Plato's myths, the soul and its intra-cosmic future

Research output: Chapter in Book/Report/Conference proceedingChapter


In Plato's myths of the afterlife (with the exception of the Gorgias), the destiny and judgement of souls after death are translocated to the cosmos experienced and inhabited by living people. For example, in the Timaeus’ account of metempsychosis, or reincarnation, rewarded souls are attached to a bodily part of the cosmos. In the Republic and elsewhere, a god's responsibilities can include both the cosmos and the judgement of souls, and there is no longer a firm boundary between the gods responsible for the living and the world of the living, and those responsible for the deceased. This chapter aims to explain this development in Plato's myths, and argues that it should be connected to his reflections on (a) godlikeness, (b) the soul's functions and (c) eschatological justice. It also draws a contrast between Plato's myths about the discarnate soul and Christian expectations for the afterlife.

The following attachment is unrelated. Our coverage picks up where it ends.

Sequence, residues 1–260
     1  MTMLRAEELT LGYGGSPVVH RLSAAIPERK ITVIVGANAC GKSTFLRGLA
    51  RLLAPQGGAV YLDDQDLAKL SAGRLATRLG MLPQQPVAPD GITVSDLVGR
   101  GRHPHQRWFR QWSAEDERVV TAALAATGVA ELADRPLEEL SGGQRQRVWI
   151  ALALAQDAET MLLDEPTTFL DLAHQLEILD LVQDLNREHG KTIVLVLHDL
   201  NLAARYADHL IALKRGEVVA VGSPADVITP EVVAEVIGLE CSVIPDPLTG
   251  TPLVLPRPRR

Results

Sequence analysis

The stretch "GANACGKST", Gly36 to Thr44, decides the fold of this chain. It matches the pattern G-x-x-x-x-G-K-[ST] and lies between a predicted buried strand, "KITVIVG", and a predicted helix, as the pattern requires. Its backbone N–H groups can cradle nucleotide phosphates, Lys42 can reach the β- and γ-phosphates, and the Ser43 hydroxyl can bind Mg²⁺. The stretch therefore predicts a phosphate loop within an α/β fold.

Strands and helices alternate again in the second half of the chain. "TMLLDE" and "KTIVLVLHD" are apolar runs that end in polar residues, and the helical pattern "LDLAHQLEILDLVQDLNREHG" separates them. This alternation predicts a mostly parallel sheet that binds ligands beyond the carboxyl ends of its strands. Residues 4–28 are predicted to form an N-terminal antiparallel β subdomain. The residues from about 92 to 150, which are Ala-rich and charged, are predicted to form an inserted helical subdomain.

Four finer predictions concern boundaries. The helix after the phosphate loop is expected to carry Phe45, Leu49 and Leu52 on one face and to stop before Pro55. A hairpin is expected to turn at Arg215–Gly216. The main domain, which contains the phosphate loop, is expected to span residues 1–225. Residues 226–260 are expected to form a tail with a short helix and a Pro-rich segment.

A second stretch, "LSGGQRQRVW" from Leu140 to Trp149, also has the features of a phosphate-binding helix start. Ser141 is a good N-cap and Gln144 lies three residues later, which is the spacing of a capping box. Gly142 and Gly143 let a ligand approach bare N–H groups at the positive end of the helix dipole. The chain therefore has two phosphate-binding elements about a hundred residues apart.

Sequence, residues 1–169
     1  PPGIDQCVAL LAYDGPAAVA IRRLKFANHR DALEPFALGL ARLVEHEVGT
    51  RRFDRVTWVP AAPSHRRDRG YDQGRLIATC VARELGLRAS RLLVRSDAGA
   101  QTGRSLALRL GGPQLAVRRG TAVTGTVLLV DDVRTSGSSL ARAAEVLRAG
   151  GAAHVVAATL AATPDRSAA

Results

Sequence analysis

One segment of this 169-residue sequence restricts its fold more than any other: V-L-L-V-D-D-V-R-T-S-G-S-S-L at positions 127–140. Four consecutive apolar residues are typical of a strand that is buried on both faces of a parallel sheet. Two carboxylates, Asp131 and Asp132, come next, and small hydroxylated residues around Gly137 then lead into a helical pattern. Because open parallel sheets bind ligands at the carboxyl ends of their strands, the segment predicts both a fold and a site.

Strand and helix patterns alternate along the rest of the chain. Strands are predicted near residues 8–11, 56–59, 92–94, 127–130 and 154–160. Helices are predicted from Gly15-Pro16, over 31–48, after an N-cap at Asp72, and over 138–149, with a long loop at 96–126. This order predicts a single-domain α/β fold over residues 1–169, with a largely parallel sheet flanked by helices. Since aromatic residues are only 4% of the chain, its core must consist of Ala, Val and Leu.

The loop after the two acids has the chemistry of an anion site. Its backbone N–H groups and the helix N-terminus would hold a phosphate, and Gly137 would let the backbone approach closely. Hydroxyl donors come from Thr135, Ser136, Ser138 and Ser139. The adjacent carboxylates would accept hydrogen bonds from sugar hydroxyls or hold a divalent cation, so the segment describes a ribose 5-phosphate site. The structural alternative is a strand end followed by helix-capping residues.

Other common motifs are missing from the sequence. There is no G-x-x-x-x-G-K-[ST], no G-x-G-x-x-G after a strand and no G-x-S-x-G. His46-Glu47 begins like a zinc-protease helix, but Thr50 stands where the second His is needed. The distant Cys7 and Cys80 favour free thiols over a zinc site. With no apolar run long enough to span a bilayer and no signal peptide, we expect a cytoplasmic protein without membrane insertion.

Original languageEnglish
Title of host publicationEschatology in antiquity
Subtitle of host publicationforms and functions
EditorsHilary Marlow, Karla Pollmann, Helen Van Noorden
Place of PublicationAbingdon, Oxon
PublisherRoutledge Taylor & Francis Group
Number of pages12
ISBN (Electronic)9781315459493, 9781315459486
ISBN (Print)9781138208315, 9781032043050
Publication statusPublished - 30 Sept 2021

Publication series

NameRewriting antiquity


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